An Oculus view does not live in a Java frame: it is rendered directly to the device. As a consequence, there is no mouse pointer available, and there are no mouse controls generating AWT events. That is why the existing LuciadLightspeed controllers will not work in an Oculus view.

Our suggested approach is to implement an ILspController that starts an ALcdAnimation when it is activated. In the animation you can listen to keyboard events and update the camera position according to the key that was pressed. You can update the camera position with TLspViewXYZWorldTransformation3D. From an Oculus view, you will always get a 3D view-to-world transformation, because it is the only supported transformation.

It is advised to use only TLspViewXYZWorldTransformation3D's lookFrom() method, as it is the most intuitive way to position the camera.

For more information about positioning the camera in a 3D view, see the LuciadLightspeed developer’s guide.

Program: Controller starts animation. (from samples/lightspeed/oculus/controller/OculusMoveController)
public OculusMoveController(ILcdHeightProvider aHeightProvider, double aHeightAboveTerrain, ILcdModel aPositionModel) {
  fHeightProvider = aHeightProvider;
  fHeightAboveTerrain = aHeightAboveTerrain;
  fPositionModel = aPositionModel;

public void startInteraction(ILspView aView) {
  // Add an animation so that we can continually check if a key was pressed.
  TLspViewXYZWorldTransformation3D v2w = (TLspViewXYZWorldTransformation3D) aView.getViewXYZWorldTransformation();
  MoveAnimation moveAnimation = new MoveAnimation(v2w, fPositionModel, fHeightProvider, fHeightAboveTerrain);
  ALcdAnimationManager.getInstance().putAnimation(this, moveAnimation);

public void terminateInteraction(ILspView aView) {
Program: Move camera on key press. (from samples/lightspeed/oculus/controller/OculusMoveController)
protected void setTimeImpl(double aTime) {

  ILcdPoint eye = fV2w.getEyePoint();
  ILcdPoint reference = fV2w.getReferencePoint();

  // determine the direction vector the user is currently looking at.
  final TLcdXYZPoint newEyePoint = new TLcdXYZPoint(eye);
  Vector3d moveVector = new Vector3d((reference.getX() - eye.getX()),
                                     (reference.getY() - eye.getY()),
                                     (reference.getZ() - eye.getZ()));

  int factor = 5;

  double distance = fV2w.getDistance();
  double yaw = fV2w.getYaw();
  double pitch = fV2w.getPitch();
  double roll = fV2w.getRoll();

  boolean apply = false;
  if (fKeyPressedChecker.isUpPressed()) {
    // move the eye point via the direction vector.
    newEyePoint.translate3D(moveVector.x * factor, moveVector.y * factor, moveVector.z * factor);
    apply = true;
  } else if (fKeyPressedChecker.isDownPressed()) {
    newEyePoint.translate3D(-moveVector.x * factor, -moveVector.y * factor, -moveVector.z * factor);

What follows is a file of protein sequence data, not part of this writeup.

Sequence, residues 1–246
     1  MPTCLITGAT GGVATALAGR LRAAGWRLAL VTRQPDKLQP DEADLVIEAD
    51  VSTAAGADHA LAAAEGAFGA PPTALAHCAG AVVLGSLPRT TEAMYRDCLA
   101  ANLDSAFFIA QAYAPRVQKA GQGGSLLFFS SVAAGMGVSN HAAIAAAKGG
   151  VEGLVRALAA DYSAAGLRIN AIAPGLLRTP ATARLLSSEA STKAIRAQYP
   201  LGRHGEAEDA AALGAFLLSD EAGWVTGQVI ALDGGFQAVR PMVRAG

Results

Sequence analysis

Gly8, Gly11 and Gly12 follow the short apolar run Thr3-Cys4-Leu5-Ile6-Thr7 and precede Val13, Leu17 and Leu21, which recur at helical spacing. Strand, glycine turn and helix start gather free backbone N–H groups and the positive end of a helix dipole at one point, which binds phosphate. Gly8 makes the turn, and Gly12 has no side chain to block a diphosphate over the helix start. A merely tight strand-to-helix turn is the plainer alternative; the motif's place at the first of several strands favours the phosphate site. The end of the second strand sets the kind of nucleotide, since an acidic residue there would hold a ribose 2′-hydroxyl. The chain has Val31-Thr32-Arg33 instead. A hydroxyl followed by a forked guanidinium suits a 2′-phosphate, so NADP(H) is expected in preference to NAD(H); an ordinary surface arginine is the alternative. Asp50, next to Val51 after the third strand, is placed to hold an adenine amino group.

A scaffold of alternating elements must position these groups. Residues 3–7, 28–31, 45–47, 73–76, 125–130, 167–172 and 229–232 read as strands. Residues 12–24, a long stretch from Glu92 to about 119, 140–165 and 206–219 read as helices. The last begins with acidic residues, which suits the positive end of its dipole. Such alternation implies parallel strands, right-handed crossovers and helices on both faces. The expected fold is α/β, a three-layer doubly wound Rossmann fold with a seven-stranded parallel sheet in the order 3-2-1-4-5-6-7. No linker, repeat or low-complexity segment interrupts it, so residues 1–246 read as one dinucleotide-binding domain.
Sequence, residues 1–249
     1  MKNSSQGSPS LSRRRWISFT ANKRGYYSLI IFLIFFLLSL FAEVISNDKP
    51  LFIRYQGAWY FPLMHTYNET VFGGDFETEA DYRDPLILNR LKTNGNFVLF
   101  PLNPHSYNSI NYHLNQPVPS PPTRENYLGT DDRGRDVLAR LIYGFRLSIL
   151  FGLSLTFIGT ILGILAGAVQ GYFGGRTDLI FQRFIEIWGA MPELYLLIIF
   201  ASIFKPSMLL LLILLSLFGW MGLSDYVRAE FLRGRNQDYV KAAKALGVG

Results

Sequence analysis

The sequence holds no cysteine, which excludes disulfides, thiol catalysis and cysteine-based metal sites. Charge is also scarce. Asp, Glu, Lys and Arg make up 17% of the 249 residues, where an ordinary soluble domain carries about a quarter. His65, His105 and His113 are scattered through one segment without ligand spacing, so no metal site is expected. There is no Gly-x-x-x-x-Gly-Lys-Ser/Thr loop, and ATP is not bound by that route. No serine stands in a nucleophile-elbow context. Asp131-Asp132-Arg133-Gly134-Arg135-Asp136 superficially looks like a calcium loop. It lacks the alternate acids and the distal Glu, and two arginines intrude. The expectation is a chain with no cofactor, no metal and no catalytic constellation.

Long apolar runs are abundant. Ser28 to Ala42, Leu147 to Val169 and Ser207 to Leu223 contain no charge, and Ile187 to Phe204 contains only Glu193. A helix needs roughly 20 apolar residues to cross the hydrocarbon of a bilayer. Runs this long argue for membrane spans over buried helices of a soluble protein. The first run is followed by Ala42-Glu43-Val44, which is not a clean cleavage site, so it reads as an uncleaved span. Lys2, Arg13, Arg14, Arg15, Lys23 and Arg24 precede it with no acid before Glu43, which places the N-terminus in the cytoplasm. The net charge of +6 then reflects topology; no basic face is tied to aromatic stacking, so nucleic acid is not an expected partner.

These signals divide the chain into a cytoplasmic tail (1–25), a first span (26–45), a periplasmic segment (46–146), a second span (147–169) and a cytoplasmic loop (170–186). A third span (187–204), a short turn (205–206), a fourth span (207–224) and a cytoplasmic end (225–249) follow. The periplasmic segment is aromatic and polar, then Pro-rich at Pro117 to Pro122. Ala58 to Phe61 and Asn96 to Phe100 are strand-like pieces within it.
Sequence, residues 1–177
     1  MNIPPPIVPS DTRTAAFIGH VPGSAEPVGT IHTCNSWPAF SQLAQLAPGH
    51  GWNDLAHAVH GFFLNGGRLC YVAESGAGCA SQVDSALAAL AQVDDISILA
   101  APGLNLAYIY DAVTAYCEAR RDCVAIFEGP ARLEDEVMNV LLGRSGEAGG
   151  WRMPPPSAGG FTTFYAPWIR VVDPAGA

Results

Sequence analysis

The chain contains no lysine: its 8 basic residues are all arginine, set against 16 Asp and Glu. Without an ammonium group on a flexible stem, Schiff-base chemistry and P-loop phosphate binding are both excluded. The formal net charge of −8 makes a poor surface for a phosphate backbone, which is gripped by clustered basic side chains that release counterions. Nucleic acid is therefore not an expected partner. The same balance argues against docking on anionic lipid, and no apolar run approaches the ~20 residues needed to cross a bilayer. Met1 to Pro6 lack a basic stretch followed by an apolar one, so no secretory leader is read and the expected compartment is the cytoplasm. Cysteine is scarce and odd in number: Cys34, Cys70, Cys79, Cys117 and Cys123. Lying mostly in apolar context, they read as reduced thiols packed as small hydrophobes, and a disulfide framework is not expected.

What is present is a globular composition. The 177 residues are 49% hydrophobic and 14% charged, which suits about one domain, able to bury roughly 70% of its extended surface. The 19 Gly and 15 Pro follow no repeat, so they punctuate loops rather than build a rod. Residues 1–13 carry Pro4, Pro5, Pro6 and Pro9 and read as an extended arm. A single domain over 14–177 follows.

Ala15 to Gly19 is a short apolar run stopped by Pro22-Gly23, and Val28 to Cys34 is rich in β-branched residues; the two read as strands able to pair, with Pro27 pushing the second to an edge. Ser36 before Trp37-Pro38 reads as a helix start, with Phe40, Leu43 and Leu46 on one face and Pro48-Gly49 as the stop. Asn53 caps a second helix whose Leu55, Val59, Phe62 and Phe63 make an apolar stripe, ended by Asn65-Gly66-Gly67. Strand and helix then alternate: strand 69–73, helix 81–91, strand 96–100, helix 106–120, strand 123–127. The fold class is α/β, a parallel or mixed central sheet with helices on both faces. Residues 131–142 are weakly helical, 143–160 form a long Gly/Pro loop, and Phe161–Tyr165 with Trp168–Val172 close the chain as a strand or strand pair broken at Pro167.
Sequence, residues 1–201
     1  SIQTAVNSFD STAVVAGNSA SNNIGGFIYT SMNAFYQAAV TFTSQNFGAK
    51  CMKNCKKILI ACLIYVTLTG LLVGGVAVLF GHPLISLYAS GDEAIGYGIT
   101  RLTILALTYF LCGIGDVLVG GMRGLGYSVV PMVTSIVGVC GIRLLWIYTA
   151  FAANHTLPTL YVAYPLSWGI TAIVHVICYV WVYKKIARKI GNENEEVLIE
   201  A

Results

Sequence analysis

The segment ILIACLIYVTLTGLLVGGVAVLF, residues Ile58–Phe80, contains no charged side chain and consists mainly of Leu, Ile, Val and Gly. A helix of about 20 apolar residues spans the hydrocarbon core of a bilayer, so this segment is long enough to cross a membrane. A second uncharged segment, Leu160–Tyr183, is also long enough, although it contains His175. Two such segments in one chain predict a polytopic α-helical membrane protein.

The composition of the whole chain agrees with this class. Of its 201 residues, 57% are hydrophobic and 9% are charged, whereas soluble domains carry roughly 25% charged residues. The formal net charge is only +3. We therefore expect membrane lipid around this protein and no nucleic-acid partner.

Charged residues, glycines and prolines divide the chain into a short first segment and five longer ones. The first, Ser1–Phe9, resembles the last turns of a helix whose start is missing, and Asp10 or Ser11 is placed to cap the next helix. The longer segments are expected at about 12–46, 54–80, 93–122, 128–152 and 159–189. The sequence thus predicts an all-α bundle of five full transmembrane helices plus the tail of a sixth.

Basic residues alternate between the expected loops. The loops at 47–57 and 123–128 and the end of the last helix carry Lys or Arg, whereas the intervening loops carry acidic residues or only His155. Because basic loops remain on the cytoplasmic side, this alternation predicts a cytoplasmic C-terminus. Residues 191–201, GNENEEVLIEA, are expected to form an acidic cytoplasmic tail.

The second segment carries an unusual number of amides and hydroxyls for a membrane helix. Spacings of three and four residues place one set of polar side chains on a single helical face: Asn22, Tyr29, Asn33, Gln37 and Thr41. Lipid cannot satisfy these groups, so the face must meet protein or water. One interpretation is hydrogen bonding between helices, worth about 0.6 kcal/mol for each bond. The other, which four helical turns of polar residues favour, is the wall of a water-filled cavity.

apply = true;
  } else if (fKeyPressedChecker.isLeftPressed()) {
    yaw = yaw - 2;
    apply = true;
  } else if (fKeyPressedChecker.isRightPressed()) {
    yaw = yaw + 2;
    apply = true;

  if (apply) {
    elevateEyePoint(fV2w.getView().getXYZWorldReference(), newEyePoint, fHeightAboveTerrain);
    fV2w.lookFrom(newEyePoint, distance, yaw, pitch, roll);
    ILcd3DEditablePoint position = (ILcd3DEditablePoint) fPositionModel.elements().nextElement();
    try (TLcdLockUtil.Lock autoUnlock = TLcdLockUtil.writeLock(fPositionModel)) {
      TLcdEllipsoid.DEFAULT.geoc2llhSFCT(newEyePoint, position);
      fPositionModel.elementChanged(position, ILcdModel.FIRE_LATER);
    } finally {



This article lists the limitations that currently apply to an Oculus view.

Not all features available for a regular LuciadLightspeed view can be used in an Oculus view. These are the unavailable features:

  • It is not possible to replace the view-to-world transformation of the view. This is done to enforce the use of a 3D view.

  • ALspCameraConstraints may interfere with the Oculus Rift’s head tracking, such as TLspAboveTerrainCameraConstraint3D). To let the camera follow a specific object, you can use the TLspLookFromTrackingCameraConstraint3D.

  • Because an Oculus view involves rendering two separate views, its frame rate will typically be lower than a regular LuciadLightspeed view. On the other hand, users of VR devices require a high frame rate for a fluid experience. Hence, to keep the performance as high as possible, it is recommended to only add the essential data to your view.

  • If you are using the TLspViewXYZWorldTransformation3D to position the camera, it is advised to use only the lookFrom() method. Using the lookAt() method may result in unexpected behavior.

  • Pre-existing LuciadLightspeed controllers will not function in an Oculus view.